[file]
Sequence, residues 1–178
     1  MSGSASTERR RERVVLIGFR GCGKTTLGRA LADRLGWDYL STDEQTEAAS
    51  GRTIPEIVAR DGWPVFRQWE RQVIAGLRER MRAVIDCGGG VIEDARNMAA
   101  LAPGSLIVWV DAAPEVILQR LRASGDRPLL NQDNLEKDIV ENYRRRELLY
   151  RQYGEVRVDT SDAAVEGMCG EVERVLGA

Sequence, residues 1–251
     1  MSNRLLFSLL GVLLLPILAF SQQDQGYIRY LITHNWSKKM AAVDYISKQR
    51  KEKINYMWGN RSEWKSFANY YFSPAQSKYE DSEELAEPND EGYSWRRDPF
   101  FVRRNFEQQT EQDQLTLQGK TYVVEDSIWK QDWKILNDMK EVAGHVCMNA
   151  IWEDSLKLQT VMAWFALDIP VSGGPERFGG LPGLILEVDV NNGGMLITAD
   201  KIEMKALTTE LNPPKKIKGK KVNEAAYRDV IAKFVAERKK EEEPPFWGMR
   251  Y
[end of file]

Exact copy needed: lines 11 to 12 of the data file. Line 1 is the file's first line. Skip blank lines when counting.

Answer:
   201  KIEMKALTTE LNPPKKIKGK KVNEAAYRDV IAKFVAERKK EEEPPFWGMR
   251  Y